“If we saw a graffiti-covered truck, we’d flag it down and give them 50 bucks to park in front of a Citi bike stand,” Pulcini said.
The filmmakers did make use of one natural resource that always seems to be in abundance in the city. “I would often see our production designer picking up garbage,” Pulcini said. “I’m not going to pay for garbage in New York,” Springer Berman added.
“Saints” looks to capture both the beauty and messiness of the past, to walk up against a line of romanticization while being careful not to cross it. “I get irritated sometimes when people say how difficult it is in New York now and how much better it was then,” Pulcini said. “Yes, it’s hard because it’s expensive and you’re living with 13 roommates if you’re in your 20s. But back then you were mugged and pulled into a stairway at gunpoint. There was a rat in every apartment. I don’t know that it was easier.”
The film is interested in flipping other narratives. Most movies about youthful rebellion concern a breakout from repressive parents to a place of moral permissiveness, often through drugs. But Jude’s family life is chaotic, while the musicians he hangs out with are serious, stone-cold-sober types.
Though about class more than race, the riot came in the tradition of, and was an early harbinger for, the fractious relationships between citizens and the police currently seizing the headlines. As a riot scene was being filmed, a protest was going on in nearby Union Square, and police asked them to shut down temporarily lest any of the protesters think the riot was real and join in.
Springer Berman and Pulcini have been making films for two decades. After getting their start in documentaries, they broke out with the 2003 graphic-novel tale “American Splendor” and would later be known for a number of features, including the 2011 HBO movie “Cinema Verite” Their connection to their current source material is strong: Pulcini, 50 and with a low-key energy, was born in Queens but moved away to Ohio when he was a boy, returning after college. Springer Berman, more outspoken, was raised in Brooklyn and partook of the bohemian scene portrayed in the film.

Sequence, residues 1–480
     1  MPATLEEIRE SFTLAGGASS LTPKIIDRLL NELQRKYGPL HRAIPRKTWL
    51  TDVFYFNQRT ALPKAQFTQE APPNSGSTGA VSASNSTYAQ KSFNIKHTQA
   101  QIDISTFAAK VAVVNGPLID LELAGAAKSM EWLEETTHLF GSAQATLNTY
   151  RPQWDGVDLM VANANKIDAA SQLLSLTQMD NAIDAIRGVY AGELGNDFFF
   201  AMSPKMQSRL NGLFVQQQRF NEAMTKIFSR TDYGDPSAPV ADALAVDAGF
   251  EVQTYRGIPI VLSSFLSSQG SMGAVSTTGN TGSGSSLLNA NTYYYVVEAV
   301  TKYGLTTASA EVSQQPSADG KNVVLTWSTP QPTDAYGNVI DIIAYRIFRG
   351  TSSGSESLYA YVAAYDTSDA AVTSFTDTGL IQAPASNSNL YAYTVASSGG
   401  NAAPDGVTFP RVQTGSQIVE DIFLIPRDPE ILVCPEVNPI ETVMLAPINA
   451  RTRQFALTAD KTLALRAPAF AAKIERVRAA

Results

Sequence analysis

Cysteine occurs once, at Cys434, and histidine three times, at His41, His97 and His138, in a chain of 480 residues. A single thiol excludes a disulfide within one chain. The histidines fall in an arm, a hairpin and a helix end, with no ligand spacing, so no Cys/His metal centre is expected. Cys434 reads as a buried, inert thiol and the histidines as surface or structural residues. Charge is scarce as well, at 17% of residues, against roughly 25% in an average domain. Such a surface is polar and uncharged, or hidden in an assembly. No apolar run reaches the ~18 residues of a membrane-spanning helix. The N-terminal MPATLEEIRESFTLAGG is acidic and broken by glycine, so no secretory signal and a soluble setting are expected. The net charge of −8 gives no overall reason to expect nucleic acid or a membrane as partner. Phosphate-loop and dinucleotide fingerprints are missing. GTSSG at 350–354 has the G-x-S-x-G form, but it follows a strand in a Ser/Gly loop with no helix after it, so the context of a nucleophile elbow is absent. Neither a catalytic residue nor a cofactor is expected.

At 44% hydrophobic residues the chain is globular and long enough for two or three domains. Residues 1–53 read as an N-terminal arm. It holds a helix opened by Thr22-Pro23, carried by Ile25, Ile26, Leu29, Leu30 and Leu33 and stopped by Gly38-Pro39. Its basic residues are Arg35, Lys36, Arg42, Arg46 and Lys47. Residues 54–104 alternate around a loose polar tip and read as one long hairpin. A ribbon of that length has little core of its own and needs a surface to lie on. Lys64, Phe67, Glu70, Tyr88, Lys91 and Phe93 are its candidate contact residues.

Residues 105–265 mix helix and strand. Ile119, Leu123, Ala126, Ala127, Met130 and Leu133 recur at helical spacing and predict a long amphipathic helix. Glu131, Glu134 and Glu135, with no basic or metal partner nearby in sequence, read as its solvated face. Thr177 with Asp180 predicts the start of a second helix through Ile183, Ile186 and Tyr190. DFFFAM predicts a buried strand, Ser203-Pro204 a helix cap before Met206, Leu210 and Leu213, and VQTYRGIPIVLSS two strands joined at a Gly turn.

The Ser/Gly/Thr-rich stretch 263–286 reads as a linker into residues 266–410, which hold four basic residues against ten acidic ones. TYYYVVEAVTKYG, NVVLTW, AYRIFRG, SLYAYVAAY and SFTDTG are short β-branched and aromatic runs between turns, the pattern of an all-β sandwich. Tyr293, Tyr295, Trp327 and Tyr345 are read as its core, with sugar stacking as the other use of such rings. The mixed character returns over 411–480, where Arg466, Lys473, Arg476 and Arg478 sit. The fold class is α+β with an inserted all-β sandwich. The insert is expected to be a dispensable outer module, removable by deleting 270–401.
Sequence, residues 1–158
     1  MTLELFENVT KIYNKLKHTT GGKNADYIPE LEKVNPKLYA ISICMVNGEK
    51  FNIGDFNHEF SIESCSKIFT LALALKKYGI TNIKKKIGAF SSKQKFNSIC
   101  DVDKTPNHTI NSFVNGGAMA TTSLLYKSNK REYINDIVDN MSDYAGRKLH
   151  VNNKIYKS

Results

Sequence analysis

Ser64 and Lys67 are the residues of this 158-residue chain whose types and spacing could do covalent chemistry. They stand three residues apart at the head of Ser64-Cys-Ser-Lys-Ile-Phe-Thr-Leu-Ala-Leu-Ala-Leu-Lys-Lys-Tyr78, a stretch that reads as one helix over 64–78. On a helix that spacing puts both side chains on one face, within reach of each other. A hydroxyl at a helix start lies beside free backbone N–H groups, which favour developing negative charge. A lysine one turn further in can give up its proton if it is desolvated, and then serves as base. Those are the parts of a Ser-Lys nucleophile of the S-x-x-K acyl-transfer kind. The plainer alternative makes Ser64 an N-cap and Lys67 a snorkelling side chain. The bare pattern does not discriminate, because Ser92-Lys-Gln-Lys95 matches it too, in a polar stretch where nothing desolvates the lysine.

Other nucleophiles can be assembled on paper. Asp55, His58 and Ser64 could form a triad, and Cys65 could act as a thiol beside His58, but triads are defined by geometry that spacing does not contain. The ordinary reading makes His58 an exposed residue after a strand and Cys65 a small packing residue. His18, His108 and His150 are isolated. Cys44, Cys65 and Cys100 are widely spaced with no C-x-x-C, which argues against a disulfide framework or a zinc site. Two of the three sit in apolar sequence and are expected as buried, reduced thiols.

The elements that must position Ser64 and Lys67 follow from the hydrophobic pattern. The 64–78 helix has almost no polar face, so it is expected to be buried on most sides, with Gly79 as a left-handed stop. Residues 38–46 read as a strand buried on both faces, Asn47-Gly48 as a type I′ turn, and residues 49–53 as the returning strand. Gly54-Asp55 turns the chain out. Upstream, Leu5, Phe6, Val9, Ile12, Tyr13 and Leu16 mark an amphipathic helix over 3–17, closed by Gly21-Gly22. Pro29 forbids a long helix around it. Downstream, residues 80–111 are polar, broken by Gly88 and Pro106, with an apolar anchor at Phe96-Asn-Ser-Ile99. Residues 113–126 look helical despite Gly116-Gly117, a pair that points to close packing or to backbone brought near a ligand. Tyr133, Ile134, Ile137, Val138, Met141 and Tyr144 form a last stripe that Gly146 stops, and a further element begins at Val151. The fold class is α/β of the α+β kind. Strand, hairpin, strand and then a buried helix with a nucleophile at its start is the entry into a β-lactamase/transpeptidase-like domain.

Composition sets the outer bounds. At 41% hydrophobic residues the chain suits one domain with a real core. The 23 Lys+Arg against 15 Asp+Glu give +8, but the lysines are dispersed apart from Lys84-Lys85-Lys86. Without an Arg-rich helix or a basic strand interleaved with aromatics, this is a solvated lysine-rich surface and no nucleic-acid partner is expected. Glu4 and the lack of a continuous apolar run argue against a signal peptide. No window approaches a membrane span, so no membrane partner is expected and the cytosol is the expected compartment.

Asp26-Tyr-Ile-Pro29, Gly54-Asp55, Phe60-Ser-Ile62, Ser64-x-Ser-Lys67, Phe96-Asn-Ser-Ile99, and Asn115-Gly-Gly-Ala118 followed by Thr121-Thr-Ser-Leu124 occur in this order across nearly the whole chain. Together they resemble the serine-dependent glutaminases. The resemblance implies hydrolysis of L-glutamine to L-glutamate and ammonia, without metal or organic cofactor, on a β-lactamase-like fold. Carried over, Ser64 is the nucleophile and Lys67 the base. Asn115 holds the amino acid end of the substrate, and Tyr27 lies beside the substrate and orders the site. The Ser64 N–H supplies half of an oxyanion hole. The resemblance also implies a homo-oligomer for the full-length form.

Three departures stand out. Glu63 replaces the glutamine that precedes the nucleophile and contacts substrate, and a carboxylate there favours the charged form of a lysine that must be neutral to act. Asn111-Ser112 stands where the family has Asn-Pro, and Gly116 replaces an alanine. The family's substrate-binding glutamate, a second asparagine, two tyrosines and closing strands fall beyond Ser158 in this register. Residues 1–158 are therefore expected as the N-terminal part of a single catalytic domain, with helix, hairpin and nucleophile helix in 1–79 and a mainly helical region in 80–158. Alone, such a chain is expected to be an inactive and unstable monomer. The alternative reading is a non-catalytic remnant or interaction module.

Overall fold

The couple now lives on the upper-middle class Upper West Side and have become attuned, especially after making the movie, to the ways many American cities have changed.
“There was a time when you would have to put a ‘No Radio’ sign in your car,” Springer Berman recalled. “And the other day we were going to dinner and we left our iPad in the car. We were going to go back for it and then we realized, nah, it’s fine.”
As they were seeking permits to shoot the riot, there was resistance to their rebuilding the tent city from wealthy residents who live near the park — an irony possibly lost on the city approval agencies.
As they stood in the park, not all of the traces of the old New York had washed away. There were some colorful characters, including a scruffy-looking couple with a boom box, and a middle-aged man in a “Castaway” beard who rode by on a bike with charcoal strapped to the back, en route to a barbecue of unknown provenance.
“Gentrification isn’t a good or bad thing on its own,” Pulcini said, “and a city that goes through it isn’t better or worse. It’s just reborn as something else.”